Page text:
Sunday, May 7, 2017

Petra, Jordan

We left Israel very early in the morning on March 9.  It took 2 hours to go thru security at Tel Aviv.  I guess five older women looked like a threat.  We arrived at Amman, Jordan and then took a 4 hour ride to Petra.  There was not much to see along the way; Jordan is very desolate.  The city of Petra is at the mouth of the canyon where the old city is located.

The ancient city of Petra is more than 2000 years old and prospered during the Nabataean Empire from 1st century BC through the trade in frankincense, myrrh, and spices.  Petra was later annexed by the Roman Empire and thrived until a large earthquake in 363 AD destroyed the city.   In 1812 a Swiss explorer named Johannes Burckhardt set out to rediscover Petra.  He dressed up as an Arab and convinced the Bedouins to take him to the lost city.  Petra, know as the rose-red city from the color of the rock, became known in the West as a fascinating and beautiful ancient city.

Barb made our hotel reservations and we stayed in the Petra guest house at the entrance to the Archaeological Park.  A very nice hotel with a good restaurant, outdoor patio, and the Cave Bar.

This is the modern town at night.

 We were fortunate to arrive on a day that they have night tours into the Treasury.  We bought our tickets at the visitor center and waited until 8:30 to start our walk into the park.

No, it is not snowing, although it was cold.  This is my camera picking up the dust in the air as we walked along the candlelit trail to the Treasury.

When we arrived at the Treasury candles were set out and blankets were on the ground.  We were instructed to sit and given some sweet tea and musical entertainment. 

They said close your eyes and when we opened them this was what we saw.  Pretty magical.
This is the most recognized structure in Petra, the Treasury or Al Khazna.

Yes, it was chilly.

Lynn, Barb, and Ellen

March 10 we had a quick breakfast at the hotel and then headed into the canyon at 8.  We wanted to walk but there were plenty of carriages, horses, camels, mules, and donkeys ready to help transport the tourist.

Bab Al Siq is the gateway into the city.  Bab is Arabic for gateway and Siq is the gorge.  The gorge resulted from natural splitting of the mountain.  It is just over a kilometer long and reveals the vividly colored geology of the area.  This was the candlelit area we walked the night before.

Two rock carved water channels run along both sides.  As well as a dramatic entrance into Petra, the Siq also holds many relics from Petra's past, including a paved road, carvings in the walls, and scared stones.

Lynn and Bobbie posing with carriage in the Siq.

Carved water ways and carvings on the walls.

The light at the end of the tunnel.

Leads to Al Khazna, the Treasury.  This is Petra's most magnificent facade and rises to almost 40 meters high.  The Treasury is intricately decorated with Corinthian capitals, decorative bands, figures and more, and it is crowned by a funerary urn, which according to local legend conceals a pharaophs treasure.  The treasury is believed to be the mausoleum of the Nabataean King Aretas IV (9 BC - 40 AD).

The group- Bobbi, Barb, Lynn, Ellen, me.

There were a lot of tourist and opportunities for them to spend their money.

Lynn made a friend.

We should have riden one of these camels!

The Rock is beautiful and there are carvings into the rock everywhere you look.

This is the theatre and it is carved into the side of the mountain and can accommodate 4000.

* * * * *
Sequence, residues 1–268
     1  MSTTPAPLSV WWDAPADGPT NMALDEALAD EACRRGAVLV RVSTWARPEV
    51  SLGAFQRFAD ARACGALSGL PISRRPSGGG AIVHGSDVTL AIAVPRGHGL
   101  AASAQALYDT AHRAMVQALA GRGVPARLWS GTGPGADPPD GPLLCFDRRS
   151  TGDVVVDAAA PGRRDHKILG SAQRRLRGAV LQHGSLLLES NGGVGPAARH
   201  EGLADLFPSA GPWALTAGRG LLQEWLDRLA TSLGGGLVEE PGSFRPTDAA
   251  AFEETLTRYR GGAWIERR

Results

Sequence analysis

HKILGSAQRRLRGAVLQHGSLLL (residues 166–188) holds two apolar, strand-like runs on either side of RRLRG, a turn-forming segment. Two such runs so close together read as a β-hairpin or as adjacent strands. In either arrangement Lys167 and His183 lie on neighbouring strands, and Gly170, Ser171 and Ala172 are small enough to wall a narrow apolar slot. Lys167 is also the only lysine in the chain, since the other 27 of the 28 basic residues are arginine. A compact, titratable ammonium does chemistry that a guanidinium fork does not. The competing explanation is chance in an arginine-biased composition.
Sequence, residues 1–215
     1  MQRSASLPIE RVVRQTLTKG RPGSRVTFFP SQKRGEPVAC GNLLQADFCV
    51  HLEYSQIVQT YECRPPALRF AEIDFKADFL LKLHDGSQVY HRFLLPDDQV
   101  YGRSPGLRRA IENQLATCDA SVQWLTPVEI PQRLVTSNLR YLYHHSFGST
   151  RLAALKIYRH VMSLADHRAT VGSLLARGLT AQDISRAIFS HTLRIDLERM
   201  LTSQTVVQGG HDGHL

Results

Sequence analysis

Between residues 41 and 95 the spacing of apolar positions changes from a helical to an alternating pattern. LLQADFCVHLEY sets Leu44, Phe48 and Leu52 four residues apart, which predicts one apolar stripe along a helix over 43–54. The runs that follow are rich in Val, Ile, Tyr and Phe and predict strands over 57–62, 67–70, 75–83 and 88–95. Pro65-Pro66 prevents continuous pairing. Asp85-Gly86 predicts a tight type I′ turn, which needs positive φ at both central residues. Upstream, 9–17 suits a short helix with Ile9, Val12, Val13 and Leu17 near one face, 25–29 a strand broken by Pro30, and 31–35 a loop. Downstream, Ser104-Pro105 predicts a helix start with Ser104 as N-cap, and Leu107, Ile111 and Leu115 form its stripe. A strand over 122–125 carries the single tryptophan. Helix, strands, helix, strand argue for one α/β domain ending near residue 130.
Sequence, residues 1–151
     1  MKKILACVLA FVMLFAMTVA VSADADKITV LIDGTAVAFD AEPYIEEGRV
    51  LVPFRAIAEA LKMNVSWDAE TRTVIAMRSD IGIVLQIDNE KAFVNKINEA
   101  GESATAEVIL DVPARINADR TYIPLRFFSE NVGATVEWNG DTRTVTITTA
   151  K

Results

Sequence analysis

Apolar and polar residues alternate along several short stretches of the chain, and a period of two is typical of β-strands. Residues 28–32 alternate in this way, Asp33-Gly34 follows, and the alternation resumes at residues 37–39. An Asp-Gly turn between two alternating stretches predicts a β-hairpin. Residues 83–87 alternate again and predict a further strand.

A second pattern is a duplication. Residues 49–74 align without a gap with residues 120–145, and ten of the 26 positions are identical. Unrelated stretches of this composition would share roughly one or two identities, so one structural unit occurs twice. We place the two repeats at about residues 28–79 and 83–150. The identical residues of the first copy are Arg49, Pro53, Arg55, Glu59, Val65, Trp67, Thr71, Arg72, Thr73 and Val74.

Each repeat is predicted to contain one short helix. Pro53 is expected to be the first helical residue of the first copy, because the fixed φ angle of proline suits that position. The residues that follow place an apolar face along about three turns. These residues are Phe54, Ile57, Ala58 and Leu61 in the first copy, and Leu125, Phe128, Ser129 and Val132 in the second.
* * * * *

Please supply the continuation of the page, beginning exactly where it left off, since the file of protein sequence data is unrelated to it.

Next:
Bobbi at the theater.

This is the Street of Facades due to the many carvings of tombs on each side.

The Royal Tombs is the name given to the four magnificent adjoining facades.  These tombs are the Urn, Silk, Corinthian, and Palace.

Not much inside of the tombs.

We walked over to the excavation of the Petra church.  It was built in the 5th century AD and thought to be destroyed the following year by fire or earthquake.  

The qualities of the floor mosaics attest to the church's significance.

This is the baptismal pool at the church.

The Great Temple is one of the major monuments of central Petra.  Today sheep were crossing the main courtyard.

There were a lot of beautiful goats and sheep in the canyon.

Our challenge of the day was to walk to the Monastery or Ad-Dayr.  Rumor was it was 1000 steps up.  

The route was picturesque and long!

Just to think these people that live close by walk this everyday.  This lady was selling souvenirs close to the end of the walk.  Bobbi and Lynn are taking a break.

It took me 45 minutes.  

Here is our reward.  This is one of the largest monuments in Petra measuring 47 meters wide by 51 meters high.  The Monastery dates to the early second century AD.  The interior is occupied by two side benches and an altar.  The hall was later re-used as a Christian chapel and crosses were carved in the rear wall, which is how the structure got its name.

We did a little more climbing to see the view from the top of the mountain.

The Monastery from the scenic viewpoint.

We walked down from the Monastery and stopped at our final two structures.  This is Qasr Al-Bint, a square monument, that was the main temple and still stands 23 meters high.  The temple dates to the first half of the first century AD.

The Great Temple complex comprises an entryway, a lower temenos, and upper, temenos, and the temple itself.  A temenos is a holy area in front of a temple for worshippers since only priests were allowed into the temple.  The columns plus the entablature they carried would place the original temple height at 18 meters high.

Inside was a small theater .

The columns were made by stacking carved round stones on top of each other.

We walked out of the canyon around 3:30.  Went out to eat and ordered 4 plates to split with the five of us.  

Another long day but definitely worth every minute.  Tomorrow is it on to Egypt.

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